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Symposium SB05-Materials and Systems for Fully Implantable Organ Interfaces

Surgically implantable electronic devices are critical to basic research in biomedicine and enable novel medical solutions for diagnosis and treatment. This rapidly growing field recently focuses on increasing miniaturization, multifunctionality and fidelity. Implantable devices that directly interface with organs present unique challenges to materials. Biocompatibility, toxicity, interface performance and mechanical durability in a demanding physiological environment needs to be united with extremely soft and conformable mechanics. Increasing capabilities of soft materials, miniaturized electronics, radios, and advanced ways to supply power are resulting in a new generation of implantable organ interfaces. This device class is poised to offer high fidelity readouts of physiological processes, enable stimulation and provide control over many organs to realize new therapeutic and diagnostic applications. Key to advances are materials and material systems that create implantables with mechanical properties closely matched to the target organ and at the same time deliver functionality that support high fidelity sensors and stimulators. Another key aspect for the proliferation of this device class is the control over device lifetime, anywhere from acute temporary needs to lifetimes matching those of the target subject. This symposium will provide a forum for the presentation of newest results in the areas of implantable materials, micro and nanoscaled devices, soft materials, novel active opto(electronic) materials, new solutions to passivation/encapsulation/packaging, and organ interface design.

Topics will include:

  • Soft materials for implants
  • Electronic materials
  • Implant system design
  • Electromagnetic organ interfaces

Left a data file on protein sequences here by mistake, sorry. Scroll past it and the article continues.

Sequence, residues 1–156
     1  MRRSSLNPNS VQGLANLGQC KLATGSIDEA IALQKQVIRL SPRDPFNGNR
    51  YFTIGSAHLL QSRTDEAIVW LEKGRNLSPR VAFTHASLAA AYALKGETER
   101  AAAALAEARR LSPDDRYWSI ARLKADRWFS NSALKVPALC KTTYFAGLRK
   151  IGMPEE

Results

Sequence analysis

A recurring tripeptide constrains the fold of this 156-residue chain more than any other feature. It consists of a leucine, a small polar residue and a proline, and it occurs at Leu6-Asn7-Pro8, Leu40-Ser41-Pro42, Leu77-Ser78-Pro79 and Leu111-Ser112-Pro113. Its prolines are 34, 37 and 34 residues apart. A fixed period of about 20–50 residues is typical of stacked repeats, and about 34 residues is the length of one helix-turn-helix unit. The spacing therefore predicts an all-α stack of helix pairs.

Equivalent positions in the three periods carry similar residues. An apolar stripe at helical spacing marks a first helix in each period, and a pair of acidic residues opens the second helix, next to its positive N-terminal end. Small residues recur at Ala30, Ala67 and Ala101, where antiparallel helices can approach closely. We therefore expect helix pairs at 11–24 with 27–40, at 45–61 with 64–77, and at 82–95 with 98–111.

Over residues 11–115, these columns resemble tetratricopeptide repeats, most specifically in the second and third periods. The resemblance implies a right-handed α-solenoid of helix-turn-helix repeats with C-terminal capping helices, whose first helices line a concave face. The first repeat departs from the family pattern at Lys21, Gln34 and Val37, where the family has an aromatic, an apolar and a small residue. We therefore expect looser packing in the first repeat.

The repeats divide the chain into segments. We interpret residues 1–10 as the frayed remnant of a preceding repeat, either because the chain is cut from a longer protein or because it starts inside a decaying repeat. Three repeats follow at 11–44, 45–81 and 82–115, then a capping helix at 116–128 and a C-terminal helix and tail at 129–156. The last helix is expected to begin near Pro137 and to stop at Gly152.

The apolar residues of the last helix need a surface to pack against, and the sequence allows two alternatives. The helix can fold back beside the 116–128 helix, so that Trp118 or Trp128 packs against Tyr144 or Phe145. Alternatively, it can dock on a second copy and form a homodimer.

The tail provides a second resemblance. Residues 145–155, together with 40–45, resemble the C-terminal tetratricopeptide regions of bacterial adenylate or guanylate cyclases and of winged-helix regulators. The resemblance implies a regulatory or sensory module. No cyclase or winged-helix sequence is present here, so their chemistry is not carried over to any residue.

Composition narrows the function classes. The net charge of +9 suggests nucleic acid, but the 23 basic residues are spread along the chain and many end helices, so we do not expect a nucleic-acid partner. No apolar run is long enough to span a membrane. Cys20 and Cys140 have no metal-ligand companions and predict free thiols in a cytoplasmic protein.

• Photonic organ interfaces
  • Thermal organ interfaces
  • Biohybrid materials and interfaces
  • Stretchable bioelectronic materials and interfaces
  • Biologically transient materials
  • Wireless power transfer
  • Materials for energy harvesting
  • Body networks and in-body communication

Invited Speakers (tentative):

  • Polina Anikeeva (Massachusetts Institute of Technology, USA)
  • Maria Asplund (Chalmers University of Technology, Sweden)
  • Tzahi Cohen-Karni (Carnegie Mellon University, USA)
  • Tracy Cui (University of Pittsburgh, USA)
  • Shadi Dayeh (University of California, San Diego, USA)
  • Yael Hanein (Tel Aviv University, Israel)
  • Guosong Hong (Stanford University, USA)
  • Dion Khodagholy (Columbia University, USA)
  • Dae-Hyeong Kim (Seoul National University, Republic of Korea)
  • Duygu Kuzum (University of California, San Diego, USA)
  • Jia Liu (Harvard University, USA)
  • Yuxin Liu (National University of Singapore, Singapore)
  • George Malliaras (University of Cambridge, United Kingdom)
  • Jonathan Reeder (Science Corp, USA)
  • Jonathan Rivnay (Northwestern University, USA)
  • Jacob Robinson (Rice University, USA)
  • John A. Rogers (Northwestern University, USA)
  • Alexandra Rutz (Washington University in St. Louis, USA)

Symposium Organizers

Philipp Gutruf
The University of Arizona
USA
No Phone for Symposium Organizer Provided , pgutruf@arizona.edu

Eric Daniel Glowacki
Central European Institute of Technology
Czech Republic
No Phone for Symposium Organizer Provided , Eric.Daniel.Glowacki@ceitec.vutbr.cz

John Ho
National University of Singapore
Singapore
No Phone for Symposium Organizer Provided , johnho@nus.edu.sg

Flavia Vitale
University of Pennsylvania
USA

Publishing Alliance

MRS publishes with Springer Nature